June 22, 2006

Post Solstice Fishing Action Heats Up

Frank G. Dwyer
June 23, 2006

Warm weather and excellent numbers of baitfish in our local waters have combined to provide anglers with steady action throughout the North Shore.

Larger striped bass have been chasing mackerel and pogies both close to shore and in deeper waters, while cod, haddock, pollock and flounder have all been landed in increasing numbers.

Marblehead: (3 hooks) Good numbers of bass and blues off Marblehead as anglers have found bass just outside the harbor as well as along the Neck. Bait fishermen have been thinning out the schoolies using live-lined or large chunks of mackerel and pogies.

Salem: (3 hooks) Salem Willows Pier and Winter Island have all been attracting anglers and for good reason, the fish are biting! Bluefish and Flounder have been congregating just outside the Harbor. Offshore, anglers have found good numbers of haddock, cod and pollock on Jefferies and Stellwagen.

Beverly: (3 hooks) Anglers fishing from the area around the Beverly/Salem Bridge have found good numbers of bass, especially at night, with some bigger fish in the mix. Anglers fishing from West Beach and around the islands have also had consistent bass action.

Cape Ann: (3 hooks) Manchester-by-the-Sea anglers have found good numbers from shore and boat as both bluefish and striper landings have been on the increase. Shore fishermen have had good luck catching bass chasing small pogies up against the rocks along Magnolia. In Gloucester, the Annisquam has been producing good numbers of striped bass, with larger fish being caught at night. Tube-n-Worm rigs and large plugs have been the ticket. Fishing around Stage Fort Park has also been good for shore anglers using both bait and lures. Striped Bass have also been cooperating with fishermen around Rocky Neck/Eastern Point as bluefish and bass have been taking bait as well as plugs and metals. Larger Bass continue to coral bait of Halibut point in the thirty to one hundred foot level. The Essex River continues to produce good numbers of bass but most are in the 22-26” range.

Ipswich: (3 hooks) Bluefish and striped bass have been landed at the mouth of the Ipswich River this week as sand eels have become quite thick. Small flies and plastics have been enticing bass, some over the 28” limit to strike. Most of the local beaches have also been fishing quite nicely, including Crane and Steep Hill. Beware; the greenheads will be here soon!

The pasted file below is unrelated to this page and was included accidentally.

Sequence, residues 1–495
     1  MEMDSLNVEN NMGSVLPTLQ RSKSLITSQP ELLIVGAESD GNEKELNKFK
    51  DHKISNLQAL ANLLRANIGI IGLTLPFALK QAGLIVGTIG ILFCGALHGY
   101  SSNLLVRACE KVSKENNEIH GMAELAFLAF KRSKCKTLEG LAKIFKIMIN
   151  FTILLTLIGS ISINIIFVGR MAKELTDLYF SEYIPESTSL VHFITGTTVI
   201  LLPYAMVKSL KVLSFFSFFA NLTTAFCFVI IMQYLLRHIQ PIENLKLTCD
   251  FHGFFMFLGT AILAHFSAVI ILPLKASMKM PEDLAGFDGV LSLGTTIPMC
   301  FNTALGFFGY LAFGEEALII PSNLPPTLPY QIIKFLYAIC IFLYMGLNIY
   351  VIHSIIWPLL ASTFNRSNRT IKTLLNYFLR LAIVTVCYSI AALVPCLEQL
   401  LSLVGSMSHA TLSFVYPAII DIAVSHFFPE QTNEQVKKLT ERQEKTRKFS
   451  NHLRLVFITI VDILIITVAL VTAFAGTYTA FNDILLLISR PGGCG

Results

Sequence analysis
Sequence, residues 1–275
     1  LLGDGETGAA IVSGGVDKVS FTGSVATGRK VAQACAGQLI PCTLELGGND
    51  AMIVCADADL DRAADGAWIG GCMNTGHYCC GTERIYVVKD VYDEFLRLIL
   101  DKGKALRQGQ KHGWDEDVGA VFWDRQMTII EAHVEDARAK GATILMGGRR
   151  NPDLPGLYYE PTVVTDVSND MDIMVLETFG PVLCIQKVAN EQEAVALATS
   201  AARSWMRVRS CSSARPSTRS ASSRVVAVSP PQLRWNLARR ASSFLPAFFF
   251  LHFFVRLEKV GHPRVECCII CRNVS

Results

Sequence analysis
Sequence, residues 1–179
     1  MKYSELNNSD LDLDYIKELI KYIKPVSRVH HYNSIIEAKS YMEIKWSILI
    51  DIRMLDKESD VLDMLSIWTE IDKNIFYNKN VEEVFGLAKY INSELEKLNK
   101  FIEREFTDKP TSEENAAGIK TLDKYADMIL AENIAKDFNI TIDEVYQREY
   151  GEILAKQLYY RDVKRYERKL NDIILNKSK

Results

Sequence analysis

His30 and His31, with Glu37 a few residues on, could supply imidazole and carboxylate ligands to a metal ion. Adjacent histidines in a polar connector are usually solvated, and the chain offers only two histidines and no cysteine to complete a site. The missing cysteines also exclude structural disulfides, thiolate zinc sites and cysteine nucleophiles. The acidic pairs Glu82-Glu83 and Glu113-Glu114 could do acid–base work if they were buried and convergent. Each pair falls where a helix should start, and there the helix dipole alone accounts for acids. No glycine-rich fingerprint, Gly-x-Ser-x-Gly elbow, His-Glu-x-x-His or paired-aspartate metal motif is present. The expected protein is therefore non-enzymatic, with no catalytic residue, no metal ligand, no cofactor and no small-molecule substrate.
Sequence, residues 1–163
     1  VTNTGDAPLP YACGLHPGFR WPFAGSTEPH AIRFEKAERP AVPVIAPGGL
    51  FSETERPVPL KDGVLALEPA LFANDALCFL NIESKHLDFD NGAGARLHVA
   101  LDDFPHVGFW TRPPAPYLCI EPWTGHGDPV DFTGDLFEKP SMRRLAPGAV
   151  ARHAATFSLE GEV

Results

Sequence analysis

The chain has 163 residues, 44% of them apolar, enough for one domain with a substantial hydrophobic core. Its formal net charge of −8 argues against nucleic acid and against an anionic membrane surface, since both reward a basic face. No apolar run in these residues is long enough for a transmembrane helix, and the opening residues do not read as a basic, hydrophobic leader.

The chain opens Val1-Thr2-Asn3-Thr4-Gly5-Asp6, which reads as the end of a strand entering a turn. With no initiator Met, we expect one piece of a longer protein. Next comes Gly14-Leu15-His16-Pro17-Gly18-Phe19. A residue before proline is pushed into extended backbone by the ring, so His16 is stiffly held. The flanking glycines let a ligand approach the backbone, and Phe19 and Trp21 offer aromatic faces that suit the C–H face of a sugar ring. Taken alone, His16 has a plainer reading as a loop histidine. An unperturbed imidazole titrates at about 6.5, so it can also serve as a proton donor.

Newbury: (3 hooks) Small bluefish have arrived on the scene in both Plum Island Sound and the Parker River. Surfcasters fishing with worms, clams and cut mackerel have done well from the beach at Parking Lot 1 of the Parker River National Wildlife Reserve.

Newburyport / Plum Island: (3 hooks) Good fishing around Newburyport and Plum Island as sand eels and mackerel have lured fish closer to shore. Fishing from the Ellis Bridge to Woodbridge Island has produced fairly consistent school sized bass as both fly and spin anglers have done well. Sand eels have become more plentiful in the river, so small eel imitations have been working well. Plum Island Point and the Ocean Front have also been fishing well with bait anglers landing more keeper size bass on worms, clams and cut mackerel. Small bluefish have been caught from the Merrimack River entrance to Sandy Point. The ocean front has also yielded larger bass to bait anglers, especially at night. Kay Moulton’s photo board at Surfland Bait and Tackle has plenty of nice fish displayed, but smaller bass are still the norm. Party boats have been offering their patrons good fishing for haddock, cod and pollock.

Salisbury: (3 hooks) Early morning or later in the evening are the only real options for anglers fishing from Salisbury Beach as bathers have taken over. That’s OK though, as most of the action from the beach is in the lowlight hours for both bait and artificial anglers. The State Reservation continues to attract throngs of anglers who are having success fishing in the Merrimack, mostly on bait.

Seacoast, NH: (3 hooks) Fishing off Seabrook and Hampton has been good as mackerel have invaded the Seacoast. Larger fish are in the mix, but schoolies are still the dominant catch. Fishing off Rye and Portsmouth has also improved and bluefish to 5 pounds are now in the mix.


Seeing a top water blitz of feeding fish and diving birds will set any anglers heart pumping, but many boat fishermen approach these blitzes in a “run and gun” manner, often putting the fish down and ruining the action for not only themselves, but the other anglers in the area. Try to remain calm and approach the blitz at a slow speed. Stop your engine on the outside of the blitz, taking care not to “run over” the fish and cast into the boiling water. You’ll increase your catch ratios and prevent angry glares from your fellow anglers.

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